All These Medications

“It’s difficult. I take a low dose of lithium nightly. I take an antidepressant for my fatness because prayer isn’t enough. My therapist hears confession twice a month, my shrink delivers the host, and I can stand in the woods and see the world spark.”

– David Lovelace, Scattershot: My Bipolar Family

If you haven’t read Madness by Marya Hornbacher, I highly recommend that you do so. Especially if you suffer from bipolar disorder. She’s not Stephen King, but the book is as equally terrifying as anything he has written.

As someone who does suffer from the illness, I look at the book, which is a devastatingly honest memoir, as a shield. It’s far from comforting, but it is a book that captures Hornbacher’s long and torturous journey.

There is a section at the end of the book about different facts about the disorder. Many I knew. Others could be terrifying footnotes to an already terrifying book. Hornbacher even lists her medication regimen in the section. I noticed we shared a few medications and it got me thinking.

About all these medications.

Over the course of seven years, I have been on countless medications, which I am currently paying for. I have always been consistent in taking my pills. I have never gone off my meds. I have never had any reason to. But I’m beginning to wonder if the damage done by years of taking numerous medications is just as bad as not have taken them at all.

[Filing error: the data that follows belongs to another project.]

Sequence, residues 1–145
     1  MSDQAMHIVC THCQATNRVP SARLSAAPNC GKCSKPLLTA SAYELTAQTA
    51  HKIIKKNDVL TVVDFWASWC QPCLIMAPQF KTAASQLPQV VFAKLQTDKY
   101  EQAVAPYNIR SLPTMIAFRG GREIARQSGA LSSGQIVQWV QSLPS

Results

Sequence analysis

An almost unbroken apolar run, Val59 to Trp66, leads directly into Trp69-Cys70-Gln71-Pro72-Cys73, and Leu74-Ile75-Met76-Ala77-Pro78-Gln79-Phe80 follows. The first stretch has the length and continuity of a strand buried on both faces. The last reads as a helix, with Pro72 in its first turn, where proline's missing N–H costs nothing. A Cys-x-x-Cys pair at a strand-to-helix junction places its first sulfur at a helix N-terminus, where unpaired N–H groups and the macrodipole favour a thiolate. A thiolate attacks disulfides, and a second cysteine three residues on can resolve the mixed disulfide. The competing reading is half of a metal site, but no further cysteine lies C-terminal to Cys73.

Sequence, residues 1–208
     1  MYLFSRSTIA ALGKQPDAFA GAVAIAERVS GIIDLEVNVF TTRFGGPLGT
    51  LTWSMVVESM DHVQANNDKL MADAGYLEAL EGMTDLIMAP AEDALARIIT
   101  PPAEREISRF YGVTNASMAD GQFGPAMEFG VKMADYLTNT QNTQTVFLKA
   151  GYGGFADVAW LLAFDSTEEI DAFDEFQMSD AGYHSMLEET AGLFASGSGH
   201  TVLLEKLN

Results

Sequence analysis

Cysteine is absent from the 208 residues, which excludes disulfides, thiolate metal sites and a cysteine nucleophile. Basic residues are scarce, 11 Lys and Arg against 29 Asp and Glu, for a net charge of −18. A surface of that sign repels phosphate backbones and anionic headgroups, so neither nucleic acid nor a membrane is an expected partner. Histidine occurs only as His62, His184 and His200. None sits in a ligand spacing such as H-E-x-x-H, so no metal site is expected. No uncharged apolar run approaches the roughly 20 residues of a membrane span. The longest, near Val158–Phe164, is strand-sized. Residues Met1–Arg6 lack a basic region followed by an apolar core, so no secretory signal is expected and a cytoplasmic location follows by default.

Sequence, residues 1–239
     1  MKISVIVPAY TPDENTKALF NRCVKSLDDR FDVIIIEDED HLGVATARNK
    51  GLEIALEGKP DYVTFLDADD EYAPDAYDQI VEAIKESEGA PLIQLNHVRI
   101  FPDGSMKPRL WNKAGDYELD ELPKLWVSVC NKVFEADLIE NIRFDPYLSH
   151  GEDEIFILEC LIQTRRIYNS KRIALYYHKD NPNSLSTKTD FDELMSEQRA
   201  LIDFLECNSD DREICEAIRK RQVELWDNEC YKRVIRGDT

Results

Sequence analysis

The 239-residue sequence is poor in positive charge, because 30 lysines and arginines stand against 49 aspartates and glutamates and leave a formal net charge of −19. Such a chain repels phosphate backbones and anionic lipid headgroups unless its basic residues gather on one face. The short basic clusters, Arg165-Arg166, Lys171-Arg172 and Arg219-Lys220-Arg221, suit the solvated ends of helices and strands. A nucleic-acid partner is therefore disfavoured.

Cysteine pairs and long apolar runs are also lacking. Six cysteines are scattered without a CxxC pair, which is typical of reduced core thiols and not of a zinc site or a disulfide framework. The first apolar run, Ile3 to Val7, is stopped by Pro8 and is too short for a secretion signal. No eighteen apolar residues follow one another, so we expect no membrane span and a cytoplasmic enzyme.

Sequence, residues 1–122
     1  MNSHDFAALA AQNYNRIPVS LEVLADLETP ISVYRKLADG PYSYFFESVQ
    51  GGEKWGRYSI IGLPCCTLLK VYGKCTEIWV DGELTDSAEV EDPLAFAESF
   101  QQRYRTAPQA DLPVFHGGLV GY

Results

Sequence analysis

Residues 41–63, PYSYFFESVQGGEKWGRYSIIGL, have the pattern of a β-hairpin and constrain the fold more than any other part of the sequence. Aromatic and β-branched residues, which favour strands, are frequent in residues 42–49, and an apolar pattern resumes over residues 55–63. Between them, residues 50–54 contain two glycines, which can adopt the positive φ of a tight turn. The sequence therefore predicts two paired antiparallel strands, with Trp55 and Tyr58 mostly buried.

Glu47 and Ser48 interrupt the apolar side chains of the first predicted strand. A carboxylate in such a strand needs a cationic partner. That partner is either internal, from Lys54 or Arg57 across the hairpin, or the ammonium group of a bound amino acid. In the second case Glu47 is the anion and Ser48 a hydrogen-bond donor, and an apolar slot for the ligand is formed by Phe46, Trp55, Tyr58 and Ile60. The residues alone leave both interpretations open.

I know, I know. That’s dramatic, but still. Pills that were supposed to help my brain function are now having if not an opposite effect, a disappointing and new one. I’m not experiencing the basic “blah” one might feel on antidepressants. I’m experiencing total loss. Of conversation. Of thought. My doctor is even wanting to wean me off some of my necessary meds because of some of the issues I am having. It’s just not possible.

There are so many different medications for bipolar disorder. It’s insane. I know everyone is different, but why not try and fix a medication that “doesn’t work” or has “flaws” instead of creating a new one with new problems?

Big Pharma, baby.

There is no cure or direct known cause of bipolar disorder so it’s impossible to create a universal drug to treat the illness. However, there must be a more stable medication or clinical treatment.

And they that’s Lithium. The problem? The same: the doctors throw a handful of other pills on top that.

Multiple medications are necessary in the treatment of bipolar disorder, but not all the ones that are typically prescribed.

On average, it takes someone with bipolar disorder 10 years to receive the proper diagnosis. That’s a lot of different pills.

If it it’s a 10-year journey, I’m three years out and am keeping my fingers crossed.

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